I guess if I got my love of music from someone in my family, it would be my mother. Some of my early music memories involve listening to oldies radio with her in the car or around the house while getting ready for school. If I remember correctly her favorite song was "Diana" by Paul Anka. My story tonight comes from her, I hope I do it justice.
So the year was 1956. My mom, who was a teenager at the time, took the bus with her two best friends to see Elvis Presley in the movie "Love Me Tender." It was a big event and the movie theater was holding a raffle after the showing. The prize was a life size cardboard cut out of the King that was used to promote the film in theater lobbies. My mom and her friends all agreed that if any of them won, they would share the prize. Mr. Presley would move from house to house every week, like the child of divorced parents.
Well, by the time they got to the bus stop Elvis was covered in lip stick marks of three different shades. The trio of girls climbed on board and my mom put the six foot cardboard standee on the seat next to her.
Well, I'm not sure how long this went on, but by the Christmas of 1958, Elvis was a permanent fixture at my mom's house. Her dad, my grandfather, got the great idea to dress the card board cut out of the King in a Santa Claus outfit and put him on the front porch. The neighbors loved it.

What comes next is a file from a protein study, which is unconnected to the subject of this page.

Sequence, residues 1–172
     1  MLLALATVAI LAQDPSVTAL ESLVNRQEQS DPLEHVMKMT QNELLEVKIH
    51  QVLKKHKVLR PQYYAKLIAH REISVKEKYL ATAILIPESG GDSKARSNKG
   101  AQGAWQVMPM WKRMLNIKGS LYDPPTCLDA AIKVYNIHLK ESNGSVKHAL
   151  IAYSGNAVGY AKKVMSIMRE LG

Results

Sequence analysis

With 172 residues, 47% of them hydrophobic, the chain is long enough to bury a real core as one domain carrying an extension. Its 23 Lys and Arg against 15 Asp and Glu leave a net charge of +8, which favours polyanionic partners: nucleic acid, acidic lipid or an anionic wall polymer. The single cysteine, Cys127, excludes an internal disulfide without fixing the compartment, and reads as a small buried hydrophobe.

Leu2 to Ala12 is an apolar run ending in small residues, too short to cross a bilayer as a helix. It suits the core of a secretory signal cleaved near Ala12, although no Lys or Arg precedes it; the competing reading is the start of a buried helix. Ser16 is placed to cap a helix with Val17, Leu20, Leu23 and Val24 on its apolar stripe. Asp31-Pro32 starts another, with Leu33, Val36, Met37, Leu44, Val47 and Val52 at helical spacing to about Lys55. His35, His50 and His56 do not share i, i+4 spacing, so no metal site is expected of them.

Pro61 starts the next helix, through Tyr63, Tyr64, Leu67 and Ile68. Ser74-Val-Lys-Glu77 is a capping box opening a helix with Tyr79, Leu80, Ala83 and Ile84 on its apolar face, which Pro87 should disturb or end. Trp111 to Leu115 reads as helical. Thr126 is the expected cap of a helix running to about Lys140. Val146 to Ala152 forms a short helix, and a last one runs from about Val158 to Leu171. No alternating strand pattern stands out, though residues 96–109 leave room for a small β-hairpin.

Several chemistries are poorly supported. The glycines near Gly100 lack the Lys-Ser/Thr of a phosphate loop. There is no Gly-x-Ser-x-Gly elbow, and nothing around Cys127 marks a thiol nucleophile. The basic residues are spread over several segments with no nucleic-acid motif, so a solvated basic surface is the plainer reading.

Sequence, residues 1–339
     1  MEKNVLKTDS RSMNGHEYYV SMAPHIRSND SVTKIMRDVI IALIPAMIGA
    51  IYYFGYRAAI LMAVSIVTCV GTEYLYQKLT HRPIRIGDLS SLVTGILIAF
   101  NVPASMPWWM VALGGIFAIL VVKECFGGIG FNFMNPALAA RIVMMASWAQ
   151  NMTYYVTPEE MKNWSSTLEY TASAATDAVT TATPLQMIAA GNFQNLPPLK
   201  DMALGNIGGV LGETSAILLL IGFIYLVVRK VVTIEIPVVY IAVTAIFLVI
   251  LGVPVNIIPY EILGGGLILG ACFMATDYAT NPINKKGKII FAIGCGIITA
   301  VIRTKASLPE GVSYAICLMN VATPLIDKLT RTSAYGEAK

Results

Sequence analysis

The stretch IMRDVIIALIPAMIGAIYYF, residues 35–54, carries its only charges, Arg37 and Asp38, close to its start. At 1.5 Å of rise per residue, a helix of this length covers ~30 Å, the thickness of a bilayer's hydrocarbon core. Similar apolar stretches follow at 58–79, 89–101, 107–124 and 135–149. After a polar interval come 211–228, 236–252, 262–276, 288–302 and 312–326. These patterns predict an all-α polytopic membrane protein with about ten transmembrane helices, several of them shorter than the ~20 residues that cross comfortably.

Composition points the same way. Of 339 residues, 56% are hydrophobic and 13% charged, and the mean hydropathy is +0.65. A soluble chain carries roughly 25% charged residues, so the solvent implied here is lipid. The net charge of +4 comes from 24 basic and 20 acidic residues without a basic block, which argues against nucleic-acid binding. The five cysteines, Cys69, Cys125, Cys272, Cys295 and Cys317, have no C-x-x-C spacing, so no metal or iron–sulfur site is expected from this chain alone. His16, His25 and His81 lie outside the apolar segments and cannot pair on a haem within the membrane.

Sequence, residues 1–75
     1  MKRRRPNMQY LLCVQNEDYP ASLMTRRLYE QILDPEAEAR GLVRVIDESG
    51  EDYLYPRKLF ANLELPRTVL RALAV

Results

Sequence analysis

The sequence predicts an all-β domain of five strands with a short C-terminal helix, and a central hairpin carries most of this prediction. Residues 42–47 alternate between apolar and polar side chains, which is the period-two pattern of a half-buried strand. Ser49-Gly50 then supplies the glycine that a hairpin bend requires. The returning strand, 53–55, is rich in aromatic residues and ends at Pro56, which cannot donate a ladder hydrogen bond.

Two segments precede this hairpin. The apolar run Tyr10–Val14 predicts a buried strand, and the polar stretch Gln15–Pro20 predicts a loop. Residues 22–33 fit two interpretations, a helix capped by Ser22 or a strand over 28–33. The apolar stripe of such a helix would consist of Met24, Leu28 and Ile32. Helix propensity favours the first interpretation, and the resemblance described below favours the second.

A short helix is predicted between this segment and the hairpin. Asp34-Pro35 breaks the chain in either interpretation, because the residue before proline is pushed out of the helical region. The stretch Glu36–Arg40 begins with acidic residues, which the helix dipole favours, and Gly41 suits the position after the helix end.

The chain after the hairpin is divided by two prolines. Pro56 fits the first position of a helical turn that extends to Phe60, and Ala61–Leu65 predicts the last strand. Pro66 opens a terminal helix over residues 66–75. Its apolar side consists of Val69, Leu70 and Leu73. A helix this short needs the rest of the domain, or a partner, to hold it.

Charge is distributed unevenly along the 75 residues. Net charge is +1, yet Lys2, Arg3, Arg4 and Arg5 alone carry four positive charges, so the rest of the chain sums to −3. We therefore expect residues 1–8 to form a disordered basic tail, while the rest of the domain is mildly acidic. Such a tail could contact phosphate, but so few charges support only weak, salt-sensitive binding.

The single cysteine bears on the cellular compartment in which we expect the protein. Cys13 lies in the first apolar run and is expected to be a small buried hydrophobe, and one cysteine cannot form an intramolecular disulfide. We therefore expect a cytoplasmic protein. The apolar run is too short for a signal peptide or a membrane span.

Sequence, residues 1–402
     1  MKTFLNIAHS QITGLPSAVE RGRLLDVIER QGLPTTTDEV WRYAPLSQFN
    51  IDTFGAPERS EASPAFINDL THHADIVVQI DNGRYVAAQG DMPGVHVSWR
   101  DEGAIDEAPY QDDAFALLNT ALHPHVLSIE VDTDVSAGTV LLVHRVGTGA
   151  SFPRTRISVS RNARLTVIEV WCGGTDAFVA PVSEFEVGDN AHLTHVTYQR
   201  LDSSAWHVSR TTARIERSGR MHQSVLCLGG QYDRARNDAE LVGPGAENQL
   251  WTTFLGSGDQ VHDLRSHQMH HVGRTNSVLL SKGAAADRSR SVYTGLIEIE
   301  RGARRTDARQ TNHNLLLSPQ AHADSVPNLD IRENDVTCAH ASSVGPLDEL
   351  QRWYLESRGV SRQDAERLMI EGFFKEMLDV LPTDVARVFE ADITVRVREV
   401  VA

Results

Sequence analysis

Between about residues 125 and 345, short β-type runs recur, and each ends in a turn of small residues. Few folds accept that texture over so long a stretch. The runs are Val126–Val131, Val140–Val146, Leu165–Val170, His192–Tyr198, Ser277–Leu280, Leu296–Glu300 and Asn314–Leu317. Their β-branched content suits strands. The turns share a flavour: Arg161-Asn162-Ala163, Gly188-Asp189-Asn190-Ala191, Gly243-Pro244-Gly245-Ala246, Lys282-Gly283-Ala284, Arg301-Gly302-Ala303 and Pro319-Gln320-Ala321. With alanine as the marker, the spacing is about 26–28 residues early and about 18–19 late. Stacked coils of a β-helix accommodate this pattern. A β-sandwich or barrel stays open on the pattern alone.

This went on for several years, Christmas would come along, grandpa would go down to the basement, grab Elvis and the Santa suit, and decorate the front porch. At the close of the season Elvis would go back down into the basement to await the next yuletide.
Well the winter weather and the damp basement eventually payed a toll on old Elvis and by the time I was born in 1973 Santa Presley was just a memory and a really good story.
Now, flash forward to present day. My mom is telling this story to my niece who is in college and writing a paper on the cultural history of our home town. I decide to look on Google for any information on this theater giveaway. I'm dying to see what it looked like when I stumble upon a recent episode of Antiques Roadshow. A man, in Minneapolis I believe, had one of these Elvis movie theater props. The appraiser went wild. "There are only 3 of these left known to exist," he says. "At an auction I would expect this to go, in it's current condition, for 10 to 15 thousand dollars."
My mom and I had a good laugh over it, and I'm sure somewhere Grandpa and Elvis are sharing one too.